As for noise in the positional signal, by using the information on the amplitude and the information on the phase in combination, the amount of information can be further increased and the S/N can be greatly improved.

As for disturbance, by acquiring the information on the velocity of the head in the track-width direction from the information on the phase while detecting the information on the position, a recording process can be terminated at an early stage, for example, when the disturbance is severe.

As means for acquiring the information on the amplitude from the reproduced waveform of the servo pattern, there is available a method in which the above signal is subjected to full-wave rectification, followed by an integral operation. The thus obtained result (amplitude value) reflects the amplitude value of the reproduced signal of the servo pattern. As another means, these is available a method in which the information on the reproduced waveform of the servo pattern is collected discretely and the information is expressed by means of the Fourier polynomial expression. This method will be described in detail hereinafter. As means for acquiring the information on the phase from the reproduced waveform of the servo pattern, there is used a method in which the information on the reproduced waveform of the servo pattern is collected discretely and the information is expressed by means of the Fourier polynomial expression, as has just been described above. The method will be described in detail hereinafter.

The above reproduced waveform of the servo pattern is a repetition of a predetermined waveform over several cycles. The number of waveforms to be sampled discretely per cycle (number of oversampling) is defined as N, and the number of the above repetition of a positional signal waveform P(n) is defined as L. n is the number of the waveform-sampling point. The P(n) can be expressed as the following [EQUATION 1] by the Fourier polynomial expression. It is necessary to determine the frequency of sampling (discrete sampling) according to the frequency of the waveform to be sampled. In other words, a servo signal decoder circuit originally has the information on the frequency of the waveform as the sampling frequency. P ( n ) = A 0 + [ N 2 - 1 m = 1 { A m · cos ( 2 · n · π · m N ) + B m · sin ( 2 · n · π · m N ) } ] [EQUATION  1]

wherein A0, Am and Bm are discrete Fourier coefficients and m is the order of discrete Fourier transformation. The above Fourier polynomial is uniquely determined once the discrete Fourier coefficients are determined.

The Fourier coefficients, when the sampling data on the reproduced waveform of the pattern is defined as f(n), are determined by the following [EQUATION 2], [EQUATION 3] and [EQUATION 4]. A 0 = 1 L · N L · N - 1 n = 0 f ( n ) [EQUATION  2] A m = 2 L · N L · N - 1 n = 0 f ( n ) · cos ( 2 · n · π · m N ) [EQUATION  3] B m = 2 L · N L · N - 1 n = 0 f ( n ) · sin ( 2 · n · π · m N ) [EQUATION  4]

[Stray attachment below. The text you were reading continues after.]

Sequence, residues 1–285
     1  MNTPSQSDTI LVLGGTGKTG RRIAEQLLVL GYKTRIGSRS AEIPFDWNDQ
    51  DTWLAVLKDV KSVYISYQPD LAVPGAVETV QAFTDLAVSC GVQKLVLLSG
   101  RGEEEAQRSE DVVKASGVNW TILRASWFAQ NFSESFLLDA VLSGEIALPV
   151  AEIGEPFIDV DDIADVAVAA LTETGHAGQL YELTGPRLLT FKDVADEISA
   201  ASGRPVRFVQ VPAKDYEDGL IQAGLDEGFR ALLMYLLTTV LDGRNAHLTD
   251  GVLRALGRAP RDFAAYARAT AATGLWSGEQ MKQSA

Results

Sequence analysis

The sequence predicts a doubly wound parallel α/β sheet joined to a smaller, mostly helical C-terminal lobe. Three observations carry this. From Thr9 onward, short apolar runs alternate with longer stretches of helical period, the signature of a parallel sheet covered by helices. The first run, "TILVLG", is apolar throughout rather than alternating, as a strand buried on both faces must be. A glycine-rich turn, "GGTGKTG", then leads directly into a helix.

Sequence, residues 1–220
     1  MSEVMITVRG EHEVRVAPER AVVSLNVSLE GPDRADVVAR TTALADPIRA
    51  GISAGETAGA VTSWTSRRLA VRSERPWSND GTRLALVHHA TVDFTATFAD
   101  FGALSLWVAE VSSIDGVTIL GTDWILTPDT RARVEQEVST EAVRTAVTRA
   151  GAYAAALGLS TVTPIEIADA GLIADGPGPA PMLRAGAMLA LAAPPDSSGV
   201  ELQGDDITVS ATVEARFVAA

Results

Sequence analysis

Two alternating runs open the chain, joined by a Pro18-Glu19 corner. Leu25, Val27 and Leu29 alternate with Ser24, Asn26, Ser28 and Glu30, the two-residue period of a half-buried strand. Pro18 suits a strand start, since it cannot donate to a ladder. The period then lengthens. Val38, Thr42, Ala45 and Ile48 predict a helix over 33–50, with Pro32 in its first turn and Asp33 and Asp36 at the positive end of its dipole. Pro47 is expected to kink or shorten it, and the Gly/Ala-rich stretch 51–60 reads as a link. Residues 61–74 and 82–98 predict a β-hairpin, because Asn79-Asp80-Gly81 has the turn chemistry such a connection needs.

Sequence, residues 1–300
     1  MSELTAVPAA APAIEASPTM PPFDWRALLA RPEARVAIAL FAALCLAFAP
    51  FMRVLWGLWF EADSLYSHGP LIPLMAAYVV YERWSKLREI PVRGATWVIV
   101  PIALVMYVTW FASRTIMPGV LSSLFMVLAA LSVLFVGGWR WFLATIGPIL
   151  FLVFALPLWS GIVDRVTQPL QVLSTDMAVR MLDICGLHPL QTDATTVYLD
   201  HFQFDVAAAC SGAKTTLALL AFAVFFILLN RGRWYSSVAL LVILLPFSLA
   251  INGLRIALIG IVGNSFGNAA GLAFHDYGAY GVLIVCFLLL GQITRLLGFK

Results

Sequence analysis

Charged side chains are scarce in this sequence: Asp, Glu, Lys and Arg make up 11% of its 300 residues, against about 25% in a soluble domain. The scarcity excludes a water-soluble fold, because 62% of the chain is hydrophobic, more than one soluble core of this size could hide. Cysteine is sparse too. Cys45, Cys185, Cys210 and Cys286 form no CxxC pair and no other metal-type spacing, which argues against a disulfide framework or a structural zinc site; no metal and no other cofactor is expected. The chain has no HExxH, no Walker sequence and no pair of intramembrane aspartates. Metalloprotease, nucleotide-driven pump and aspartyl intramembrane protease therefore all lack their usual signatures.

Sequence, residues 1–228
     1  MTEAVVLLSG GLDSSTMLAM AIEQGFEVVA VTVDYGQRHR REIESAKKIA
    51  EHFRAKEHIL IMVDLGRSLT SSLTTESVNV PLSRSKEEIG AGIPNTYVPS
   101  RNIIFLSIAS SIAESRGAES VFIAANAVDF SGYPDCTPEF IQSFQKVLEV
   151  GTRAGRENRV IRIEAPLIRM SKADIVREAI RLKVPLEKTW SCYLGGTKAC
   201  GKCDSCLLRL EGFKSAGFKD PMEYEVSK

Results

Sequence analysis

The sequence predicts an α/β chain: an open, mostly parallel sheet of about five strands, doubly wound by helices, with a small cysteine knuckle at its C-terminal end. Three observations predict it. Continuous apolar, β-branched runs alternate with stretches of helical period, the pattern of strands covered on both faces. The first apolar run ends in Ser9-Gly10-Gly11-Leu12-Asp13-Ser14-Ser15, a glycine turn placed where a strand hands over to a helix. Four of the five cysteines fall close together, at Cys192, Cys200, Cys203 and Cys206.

In the most simple case, the desired result can be obtained by determining the Fourier coefficients A1 and B1 when the order is 1 (m is 1). In the case of amplitude detection, the amplitude value is determined by the following [EQUATION 5], while in the case of phase detection, the phase shift from the base pattern is determined by the following [EQUATION 6]. ( A 1 ) 2 + ( B 1 ) 2 [EQUATION  5] arctan ( B 1 A 1 ) [EQUATION  6]

A servo signal decoder circuit can determine the amplitude of a partial signal by integrating the partial signal and its phase from the phase of the above sinusoidal function. Alternatively, the servo signal decoder circuit can determine the amplitude and phase of the partial signal from the amplitude and phase of the above sinusoidal function. The servo signal decoder circuit preferably decodes the positional signal of the magnetic head by weighting the information obtained from the amplitude and the information obtained from the phase differently.

By using the above processes, the information on the amplitude and the information on the phase can be obtained simultaneously from the decoded waveform. As compared with the conventional method in which only the partial information of a waveform is obtained, the amount of information on decoding increases, and the number of opportunities to use it effectively also increases. Consequently, according to the process of the present invention for multiplexing the information on the servo pattern or on the position, a variety of problems ascribed to the above increase in the track density can be solved.

That is, the magnetic disk drive according to the present invention is a magnetic disk drive comprising a magnetic recording medium having a servo pattern, a magnetic head that writes information on and reads the information from the magnetic recording medium, and a servo signal decoder circuit that decodes the positional signal of the magnetic head from the reproduced signal of the servo pattern, in which the reproduced signal of the servo pattern comprises a plurality of partial signals whose amplitudes and phases change simultaneously according to the position in the track-width direction of the magnetic disk, and the servo signal decoder circuit decodes the positional signal of the magnetic head by determining a sinusoidal function, which roughly agrees with each of the partial signals, based on the information on the frequency of the reproduced signal which has been stored therein in advance.

The servo signal decoder circuit can determine the amplitude of a partial signal by integrating the partial signal and its phase from the phase of the above sinusoidal function.